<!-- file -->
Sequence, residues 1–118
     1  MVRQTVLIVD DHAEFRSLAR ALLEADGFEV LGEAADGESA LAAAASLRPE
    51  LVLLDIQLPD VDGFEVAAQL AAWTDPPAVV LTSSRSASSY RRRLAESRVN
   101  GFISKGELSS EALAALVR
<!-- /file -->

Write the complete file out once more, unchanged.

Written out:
Sequence, residues 1–118
     1  MVRQTVLIVD DHAEFRSLAR ALLEADGFEV LGEAADGESA LAAAASLRPE
    51  LVLLDIQLPD VDGFEVAAQL AAWTDPPAVV LTSSRSASSY RRRLAESRVN
   101  GFISKGELSS EALAALVR